Whether you’re working to come back to the office or navigating the new remote workplace, I believe collaboration is key to engaging employees in meaningful work and provides a high return on investment. In the simplest terms, if you do this better, you will be more competitive in the marketplace, employee engagement and retention will be higher, and your business objectives can be accomplished more efficiently and effectively.

woman on ipad looking at charts
Making Meetings Collaborative
Traditional meetings, at their core, are not collaborative. You may think that meetings encourage voice and connection, but coworkers often feel pressured to align with others’ thoughts (and default to the HIPPO: the Highest Paid Person’s Opinion!), hesitate to speak up, and multitask.

As a leader, transforming meetings from a place where work is discussed to a place where work gets done is crucial to fostering a collaborative environment. Meetings must be engaging and active. Just as elementary students may play with a new topic or subject, employees can play with a challenging idea and discover new solutions together.

Problem-solving cannot be done at a desk. It requires the freedom to be creative and explore intellectually.

I’ve seen real collaboration when employees are encouraged and empowered to fail. Whether it’s with a new collaborative tool or a challenging concept, encouraging employees to try a solution is where the real work happens. Whether it’s a success or failure, change is key.

Planning For the Future of Collaboration
The new workforce and wave of new employees have grown up with technology. Generation Z’s learning and work style is intertwined with technology. Because they grew up learning with interactive whiteboards, personal devices, and the world wide web, the workplace needs to adapt to foster innovation for the new workforce.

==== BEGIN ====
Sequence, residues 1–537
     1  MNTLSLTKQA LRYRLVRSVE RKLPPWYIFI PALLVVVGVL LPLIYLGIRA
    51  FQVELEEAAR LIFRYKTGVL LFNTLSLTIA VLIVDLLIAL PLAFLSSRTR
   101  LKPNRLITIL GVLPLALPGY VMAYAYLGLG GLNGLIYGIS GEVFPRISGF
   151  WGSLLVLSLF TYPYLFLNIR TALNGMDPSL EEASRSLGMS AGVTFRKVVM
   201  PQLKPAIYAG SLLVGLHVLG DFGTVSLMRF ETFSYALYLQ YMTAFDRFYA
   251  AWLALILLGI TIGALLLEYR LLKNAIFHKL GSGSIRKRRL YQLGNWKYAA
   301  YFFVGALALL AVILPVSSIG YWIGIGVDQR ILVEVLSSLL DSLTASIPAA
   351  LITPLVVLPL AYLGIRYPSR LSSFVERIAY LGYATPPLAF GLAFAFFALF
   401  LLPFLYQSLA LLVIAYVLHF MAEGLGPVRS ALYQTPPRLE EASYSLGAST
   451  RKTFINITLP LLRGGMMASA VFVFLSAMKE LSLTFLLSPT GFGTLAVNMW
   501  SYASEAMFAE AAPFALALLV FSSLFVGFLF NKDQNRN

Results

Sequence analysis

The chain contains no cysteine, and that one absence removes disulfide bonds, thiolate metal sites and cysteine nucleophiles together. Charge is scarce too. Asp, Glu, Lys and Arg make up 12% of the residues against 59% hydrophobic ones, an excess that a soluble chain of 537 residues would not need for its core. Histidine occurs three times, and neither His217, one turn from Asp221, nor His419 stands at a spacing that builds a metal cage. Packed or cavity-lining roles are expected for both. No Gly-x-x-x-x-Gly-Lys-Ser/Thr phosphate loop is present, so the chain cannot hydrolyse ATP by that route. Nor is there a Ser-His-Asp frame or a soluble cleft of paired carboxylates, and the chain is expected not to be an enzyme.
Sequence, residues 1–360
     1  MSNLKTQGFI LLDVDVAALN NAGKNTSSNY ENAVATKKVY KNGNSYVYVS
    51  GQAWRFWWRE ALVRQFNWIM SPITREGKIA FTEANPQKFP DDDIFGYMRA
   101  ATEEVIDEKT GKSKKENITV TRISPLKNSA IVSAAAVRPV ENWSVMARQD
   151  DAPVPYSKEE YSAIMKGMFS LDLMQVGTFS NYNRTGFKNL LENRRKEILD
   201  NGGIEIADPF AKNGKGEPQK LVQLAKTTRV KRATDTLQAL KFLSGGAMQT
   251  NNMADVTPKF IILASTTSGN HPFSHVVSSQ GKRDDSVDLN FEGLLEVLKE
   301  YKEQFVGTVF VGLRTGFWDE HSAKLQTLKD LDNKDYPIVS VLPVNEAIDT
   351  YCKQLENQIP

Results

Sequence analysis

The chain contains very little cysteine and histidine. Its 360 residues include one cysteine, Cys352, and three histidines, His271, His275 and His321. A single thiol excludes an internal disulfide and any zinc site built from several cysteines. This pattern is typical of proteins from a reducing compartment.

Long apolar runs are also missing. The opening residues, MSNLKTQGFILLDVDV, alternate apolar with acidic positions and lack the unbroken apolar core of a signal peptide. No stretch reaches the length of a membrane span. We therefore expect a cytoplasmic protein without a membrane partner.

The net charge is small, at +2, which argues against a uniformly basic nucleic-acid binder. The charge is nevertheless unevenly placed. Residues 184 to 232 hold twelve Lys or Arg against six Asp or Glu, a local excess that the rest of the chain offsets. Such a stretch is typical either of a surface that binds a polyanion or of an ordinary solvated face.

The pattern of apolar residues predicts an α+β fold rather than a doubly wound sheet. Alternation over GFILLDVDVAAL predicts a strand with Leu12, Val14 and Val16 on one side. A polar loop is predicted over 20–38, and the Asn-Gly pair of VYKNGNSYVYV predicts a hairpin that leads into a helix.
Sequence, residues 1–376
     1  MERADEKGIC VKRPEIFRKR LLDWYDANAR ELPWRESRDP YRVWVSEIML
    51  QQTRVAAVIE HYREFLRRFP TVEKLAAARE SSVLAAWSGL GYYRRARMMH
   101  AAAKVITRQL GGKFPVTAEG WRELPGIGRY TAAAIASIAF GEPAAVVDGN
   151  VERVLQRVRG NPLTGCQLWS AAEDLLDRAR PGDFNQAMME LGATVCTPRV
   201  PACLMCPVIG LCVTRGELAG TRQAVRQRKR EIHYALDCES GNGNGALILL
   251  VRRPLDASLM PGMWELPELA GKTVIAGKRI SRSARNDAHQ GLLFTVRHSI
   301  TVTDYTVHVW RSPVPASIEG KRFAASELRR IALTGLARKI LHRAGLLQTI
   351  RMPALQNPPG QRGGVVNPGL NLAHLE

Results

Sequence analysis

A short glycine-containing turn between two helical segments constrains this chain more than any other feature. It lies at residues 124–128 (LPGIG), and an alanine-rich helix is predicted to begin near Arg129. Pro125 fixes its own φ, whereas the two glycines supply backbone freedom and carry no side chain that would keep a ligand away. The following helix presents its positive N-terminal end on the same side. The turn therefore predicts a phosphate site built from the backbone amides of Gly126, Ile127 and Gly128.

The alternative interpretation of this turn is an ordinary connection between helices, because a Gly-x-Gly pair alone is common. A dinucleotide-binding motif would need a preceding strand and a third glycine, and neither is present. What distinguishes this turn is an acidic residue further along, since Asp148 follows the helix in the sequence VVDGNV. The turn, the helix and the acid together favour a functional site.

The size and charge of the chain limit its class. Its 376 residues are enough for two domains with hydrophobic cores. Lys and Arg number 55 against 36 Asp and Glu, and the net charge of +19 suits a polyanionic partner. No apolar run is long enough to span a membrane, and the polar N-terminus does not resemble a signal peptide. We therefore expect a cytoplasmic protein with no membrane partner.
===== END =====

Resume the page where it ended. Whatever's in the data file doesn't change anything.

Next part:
In my workplace, we’ve implemented a few changes to our workspace to foster collaboration, and so can you:

  • Open(ish) workspaces: Gone are the days of closed offices. We’ve adapted our workplace design to be open, inviting, and without barriers. We encourage our team to collaborate formally (in meetings and working groups) as well as informally (through conversation and informal questions). If collaboration is considered in physical design, employees are more likely to take part in it every day. It’s important to balance this with spaces that allow for individual focus as needed.
  • Interactive displays for presentation and collaboration: Today, we can interact with all types of content through interactive displays, including images, PDFs, Microsoft Office® files, websites, and videos. With built-in video conferencing integrations, teams can connect both on-site and remote participants instantly from one central display. It’s essential to consider collaboration when implementing these pieces of technology in shared spaces.
  • Collaborative online tools: Because today’s workforce may now be comprised of remote, on-site, and hybrid employees, our online tools need to be able to work together effectively and offer simultaneous interaction. Tools like Miro, Zoom, and Microsoft Teams can effectively fill these voids because of their inherent collaboration features. Teams can work simultaneously on a document without data being lost, while using an option like Zoom to offer visual and audio conversation.

We’ve designed our workspace and how we engage between coworkers with collaboration in mind. This has made an amazing impact on our employee’s satisfaction and engagement, which is rated by Merce Serota as best-in-class!

In order to effectively compete in the market, and as more and more employees are returning to the office to engage in face-to-face collaboration, employers must invest in workspaces and technology to help teams communicate, contribute, and solve problems more effectively. Designing your space and tools with collaboration in mind will ensure you can provide the necessary support for your collaborative office.

Collaboration is the front line of the competitive landscape for businesses today.

Annika Fagerström headshot
Annika Fagerström is vice president of global sales for SMART Technologies, the inventor and developer of the SMART Board, which is used in education and business spaces around the world. Based at SMART’s headquarters in Calgary, Canada, Fagerström focuses on the business enterprise sector and is passionate about building capacity for meaningful collaboration. Before moving to Canada, she was the managing director for SMART’s UK, Nordics, and Australia divisions. With truly international experience, Fagerström has previously held senior sales positions with global IT companies HP, Samsung, and Epson, and has worked across Europe as well as in South Africa. Originally hailing from Stockholm, Sweden, Fagerström enjoys an active outdoor lifestyle with her family and her dogs.